Submitted article by Romi Mahajan

Chief Commercial Officer, Quantarium

The world of technology is known as much for its hype as it is for its legitimate innovations.  Atone level, this is understandable. Dreamers can only accomplish big things when they dream big and followup on those dreams with supporting rhetoric. At a different level, however, it serves to dupe consumers, customers,and investors into alchemist fantasies that often defy the laws of physics.  What we need, naturally, is a balance.

With AI, and claims about it, we as a community have come to the point where we have to decide if we are okay with “fact-checking.”  Are all claims about AI fair and accurate?  Do all companies that claim to be “doing AI” pass muster in that regard? After all, haven’t many organizations referred to any and all of their “data”initiatives as AI? Have we diluted the term so as to make it meaningless?

Discerning investors have started to kick the AI tires.  Highly skilled Scientists and Engineers increasingly refuse to be beguiled by marketing claims, choosing instead to dig deeply into the code and methodologies surrounding its production before allowing themselves to be recruited by the countless organizations that seek the limited supply of talent. 

Perhaps more relevant, still, is that people in all roles ask one fundamental question:  “Is there any relevant and practical application to the AI work you are doing?”

On all these matters, Quantarium can hold its head high.  From “Real AI” to “Real Applications of AI,”Quantarium is altering and enhancing our notions of what is possible in residential real estate, the world’s single largest asset class.

Take for instance an important but mundane question, likely asked by millions of people every day.  “What is my house worth?”  Several pundits will offer several answers to this question, no doubt.  But, will the answers be accurate and in this case, what does accuracy even mean?  What data goes into the answer?  Do we have all the data we need?  Is it all available? Do the data we collect account for every single aspect of the house that could or should go into the valuation? 

Now take an extrapolation of this question with magnified scale.  Imagine you are the CEO of a large bank that “owns” half-a-million residential mortgages. What is your portfolio worth?  How much risk are you holding in the portfolio?  Are you too exposed in a particular geography or demographic?  Do you have sufficient data and the ability to process and make sense out of it?  Can you do this all with the speed that is called for by regulation and market conditions?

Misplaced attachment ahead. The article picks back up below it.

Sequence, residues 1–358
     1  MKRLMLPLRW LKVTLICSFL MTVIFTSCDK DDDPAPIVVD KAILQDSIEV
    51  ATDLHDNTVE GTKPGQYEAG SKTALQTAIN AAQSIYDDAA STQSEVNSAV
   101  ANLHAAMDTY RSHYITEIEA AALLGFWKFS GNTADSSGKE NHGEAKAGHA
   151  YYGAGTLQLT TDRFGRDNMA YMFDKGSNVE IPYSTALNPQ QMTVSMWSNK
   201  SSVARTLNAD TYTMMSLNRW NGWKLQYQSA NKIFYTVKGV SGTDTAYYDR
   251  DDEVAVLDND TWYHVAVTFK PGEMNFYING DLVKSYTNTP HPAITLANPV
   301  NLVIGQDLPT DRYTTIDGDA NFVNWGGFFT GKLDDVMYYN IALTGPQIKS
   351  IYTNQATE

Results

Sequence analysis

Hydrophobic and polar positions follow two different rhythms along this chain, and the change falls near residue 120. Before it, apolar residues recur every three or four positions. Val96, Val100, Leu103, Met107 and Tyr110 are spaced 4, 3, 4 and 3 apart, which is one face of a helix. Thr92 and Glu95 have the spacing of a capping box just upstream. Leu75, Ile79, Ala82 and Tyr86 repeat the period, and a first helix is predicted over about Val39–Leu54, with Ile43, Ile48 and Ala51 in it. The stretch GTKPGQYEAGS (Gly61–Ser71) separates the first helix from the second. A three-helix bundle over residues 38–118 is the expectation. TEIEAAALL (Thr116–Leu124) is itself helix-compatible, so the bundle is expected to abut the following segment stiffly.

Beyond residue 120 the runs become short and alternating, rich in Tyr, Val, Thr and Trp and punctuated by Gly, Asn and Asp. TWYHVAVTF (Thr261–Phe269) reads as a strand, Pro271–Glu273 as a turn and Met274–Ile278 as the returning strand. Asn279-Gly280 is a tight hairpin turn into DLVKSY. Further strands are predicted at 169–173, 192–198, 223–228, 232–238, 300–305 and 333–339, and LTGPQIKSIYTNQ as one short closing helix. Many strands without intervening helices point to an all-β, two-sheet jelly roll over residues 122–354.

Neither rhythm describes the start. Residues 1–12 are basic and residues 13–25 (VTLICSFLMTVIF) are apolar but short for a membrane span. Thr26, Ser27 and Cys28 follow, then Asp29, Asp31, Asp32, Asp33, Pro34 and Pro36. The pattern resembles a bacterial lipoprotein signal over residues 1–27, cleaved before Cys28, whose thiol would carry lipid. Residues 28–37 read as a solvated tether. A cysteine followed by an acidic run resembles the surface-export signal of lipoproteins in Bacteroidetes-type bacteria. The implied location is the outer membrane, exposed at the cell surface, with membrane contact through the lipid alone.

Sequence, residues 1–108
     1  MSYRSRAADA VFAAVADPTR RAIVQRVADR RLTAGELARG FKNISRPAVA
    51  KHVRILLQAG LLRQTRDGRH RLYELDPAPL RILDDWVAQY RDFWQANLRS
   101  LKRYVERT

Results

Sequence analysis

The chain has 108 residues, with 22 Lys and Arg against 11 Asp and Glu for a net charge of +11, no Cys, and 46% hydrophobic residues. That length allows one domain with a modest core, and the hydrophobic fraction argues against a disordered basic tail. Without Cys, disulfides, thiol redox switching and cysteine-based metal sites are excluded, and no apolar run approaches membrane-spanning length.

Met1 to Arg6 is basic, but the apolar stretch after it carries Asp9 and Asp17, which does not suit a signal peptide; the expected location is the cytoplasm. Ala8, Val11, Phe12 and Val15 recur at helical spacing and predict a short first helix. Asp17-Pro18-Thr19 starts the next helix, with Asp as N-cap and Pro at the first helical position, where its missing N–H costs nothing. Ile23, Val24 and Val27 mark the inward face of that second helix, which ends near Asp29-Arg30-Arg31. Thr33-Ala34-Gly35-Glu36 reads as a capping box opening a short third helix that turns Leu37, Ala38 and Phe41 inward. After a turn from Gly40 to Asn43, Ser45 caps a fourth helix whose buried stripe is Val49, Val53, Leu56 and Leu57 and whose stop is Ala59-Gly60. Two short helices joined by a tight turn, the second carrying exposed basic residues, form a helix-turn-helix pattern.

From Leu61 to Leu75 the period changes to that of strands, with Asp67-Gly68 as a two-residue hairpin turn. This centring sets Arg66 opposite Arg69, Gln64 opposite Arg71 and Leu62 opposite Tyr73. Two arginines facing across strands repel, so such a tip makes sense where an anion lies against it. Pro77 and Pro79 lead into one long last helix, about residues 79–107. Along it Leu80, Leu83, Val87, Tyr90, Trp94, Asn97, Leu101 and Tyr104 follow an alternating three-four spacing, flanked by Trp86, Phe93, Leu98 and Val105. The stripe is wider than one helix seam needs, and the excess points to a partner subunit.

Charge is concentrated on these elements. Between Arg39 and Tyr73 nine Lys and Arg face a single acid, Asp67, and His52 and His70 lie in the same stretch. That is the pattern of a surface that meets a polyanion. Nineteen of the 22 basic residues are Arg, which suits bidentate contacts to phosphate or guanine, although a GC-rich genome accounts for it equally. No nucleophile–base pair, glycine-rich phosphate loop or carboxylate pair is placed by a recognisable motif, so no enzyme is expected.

These questions are easy to pose but hard to answer.  Further, while these questions may not seem “sexy,” they underscore the reality of the single biggest source of economic value and for most families the single largest source of equity.  Using AI to drive accuracy, speed, and scale in this market is complex, genuine and incredibly important.Indeed, real AI applied to real industries with real outcomes is the name of the game. Therein lies the balance we seek, the convergence of both the hype and of the reality.

Written by Paul Dunay
Paul Dunay is an award-winning B2B marketing expert with more than 20 years’ success in generating demand and creating awareness for leading technology, consumer products, financial services and professional services organizations. Paul is the global vice president of marketing for Maxymiser a leading web optimization firm, and author of four “Dummies” books: Facebook Marketing for Dummies (Wiley 2009), Social Media and the Contact Center for Dummies (Wiley Custom Publishing 2010), Facebook Advertising for Dummies (Wiley 2010) and Facebook Marketing for Dummies 2nd Edition (Wiley 2011). His unique approach to marketing has led to recognition of Paul as a BtoB Magazine Top 25 B2B Marketer of the Year for 2010 and 2009 and winner of the DemandGen Award for Utilizing Marketing Automation to Fuel Corporate Growth in 2008. He is also a finalist for the last six years in a row in the Marketing Excellence Awards competition of the Information Technology Services Marketing Association (ITSMA), and is a 2010 and 2005 gold award winner in Driving Demand. Buzz Marketing for Technology, Paul’s blog, has been recognized as a Top 20 Marketing Blog for 2009 and 2008, a Top Blog to Watch for 2009 and 2008, and an Advertising Age Power 150 blog in the “Daily Ranking of Marketing Blogs.” Paul has shared his marketing thought leadership as a featured speaker for the American Marketing Association, BtoB Magazine, CMO Club, MarketingProfs, Marketing Sherpa, Marketing Executives Networking Group (MENG), and ITSMA. He has appeared on Fox News, and his articles have been featured in BusinessWeek, The New York Times, BtoB Magazine, MarketingProfs and MarketingSherpa. Paul holds an Executive Certificate in Strategy and Innovation from MIT’s Sloan School of Management and a bachelor’s degree in Marketing and Computer Science from Ithaca College.